Image: Sheila Alati, Fulfil your function (detail), Mixed media on drafting film 100 cm × 148 cm, 2015. Photos: Gavin Pili and Zoe May

Somatic Sotia

Torika Bolatagici

2 March- 5 March 2016
Opening Night: Tuesday 2 March 2016; 5-7 PM

Fijian military bodies have become a valuable commodity in the economy of war. In Somatic Sotia, Torika Bolatagici presents photographic, video and mixed-media works that explore Fijian masculinity, militarism and the intersections between gender, embodied knowledge, commodification, migration and globalisation. 

Drawing on her research into archival military footage of nuclear tests in the Pacific and contemporary soldier images from social media, the work in Somatic Sotia is concerned with the ways the Fijian military body has been mythologised and constructed through colonial and neo-colonial representation and the ways Fijian agency is performed in vernacular contexts.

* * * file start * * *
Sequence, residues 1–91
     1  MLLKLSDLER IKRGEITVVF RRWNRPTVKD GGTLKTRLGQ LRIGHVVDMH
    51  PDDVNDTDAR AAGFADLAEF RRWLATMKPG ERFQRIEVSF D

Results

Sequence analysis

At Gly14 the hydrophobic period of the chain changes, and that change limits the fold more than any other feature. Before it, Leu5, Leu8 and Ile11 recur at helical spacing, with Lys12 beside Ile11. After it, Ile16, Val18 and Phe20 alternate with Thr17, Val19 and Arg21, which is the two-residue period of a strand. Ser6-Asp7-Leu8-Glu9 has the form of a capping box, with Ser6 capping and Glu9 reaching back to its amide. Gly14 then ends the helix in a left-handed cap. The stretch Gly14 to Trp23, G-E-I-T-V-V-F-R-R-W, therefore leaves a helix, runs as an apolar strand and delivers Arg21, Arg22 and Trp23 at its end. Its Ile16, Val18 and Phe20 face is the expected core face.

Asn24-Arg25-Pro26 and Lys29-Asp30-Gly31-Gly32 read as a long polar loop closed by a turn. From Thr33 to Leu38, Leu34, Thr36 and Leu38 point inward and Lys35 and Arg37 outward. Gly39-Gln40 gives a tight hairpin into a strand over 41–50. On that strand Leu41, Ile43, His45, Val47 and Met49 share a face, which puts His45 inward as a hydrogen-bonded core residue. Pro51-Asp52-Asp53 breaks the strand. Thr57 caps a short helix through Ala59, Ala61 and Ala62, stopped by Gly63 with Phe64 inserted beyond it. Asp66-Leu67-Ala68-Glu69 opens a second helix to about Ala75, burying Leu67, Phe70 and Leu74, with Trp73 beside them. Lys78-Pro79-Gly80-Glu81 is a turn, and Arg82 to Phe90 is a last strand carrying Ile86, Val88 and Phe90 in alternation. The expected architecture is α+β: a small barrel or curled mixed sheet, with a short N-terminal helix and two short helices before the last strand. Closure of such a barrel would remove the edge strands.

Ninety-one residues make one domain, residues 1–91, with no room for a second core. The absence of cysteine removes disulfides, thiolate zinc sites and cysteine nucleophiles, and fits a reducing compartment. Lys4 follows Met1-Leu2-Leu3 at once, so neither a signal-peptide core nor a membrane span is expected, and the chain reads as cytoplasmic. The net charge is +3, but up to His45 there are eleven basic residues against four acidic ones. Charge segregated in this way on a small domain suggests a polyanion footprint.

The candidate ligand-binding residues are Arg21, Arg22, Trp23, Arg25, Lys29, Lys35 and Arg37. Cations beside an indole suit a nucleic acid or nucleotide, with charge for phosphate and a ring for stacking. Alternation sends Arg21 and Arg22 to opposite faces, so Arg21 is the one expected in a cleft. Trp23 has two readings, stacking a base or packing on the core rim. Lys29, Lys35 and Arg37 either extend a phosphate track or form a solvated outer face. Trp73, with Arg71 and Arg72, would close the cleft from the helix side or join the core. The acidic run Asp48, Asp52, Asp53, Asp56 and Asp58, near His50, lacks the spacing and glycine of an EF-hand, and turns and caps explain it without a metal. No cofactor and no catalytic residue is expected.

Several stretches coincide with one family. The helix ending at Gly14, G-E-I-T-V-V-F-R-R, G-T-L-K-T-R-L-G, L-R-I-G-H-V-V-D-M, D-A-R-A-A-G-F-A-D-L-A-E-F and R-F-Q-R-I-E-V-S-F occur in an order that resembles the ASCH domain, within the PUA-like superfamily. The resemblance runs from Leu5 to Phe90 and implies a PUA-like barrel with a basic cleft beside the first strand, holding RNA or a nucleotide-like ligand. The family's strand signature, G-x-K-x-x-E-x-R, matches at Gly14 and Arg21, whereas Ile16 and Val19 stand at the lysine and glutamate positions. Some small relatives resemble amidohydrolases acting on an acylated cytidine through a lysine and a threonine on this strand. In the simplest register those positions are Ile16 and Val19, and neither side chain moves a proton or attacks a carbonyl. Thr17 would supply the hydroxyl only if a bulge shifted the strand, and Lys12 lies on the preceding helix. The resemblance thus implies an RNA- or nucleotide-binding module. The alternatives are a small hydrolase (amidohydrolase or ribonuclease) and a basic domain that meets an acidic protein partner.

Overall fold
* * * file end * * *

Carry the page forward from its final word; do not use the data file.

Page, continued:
Image: Torika Bolatagici, includes aspects of Export Quality #4 (2012), Hand stenciled masi designs on backlit lm, approximately 42 x 59 cm.

Arc logos, Kudos online, Kudos Shop, Framework, Archive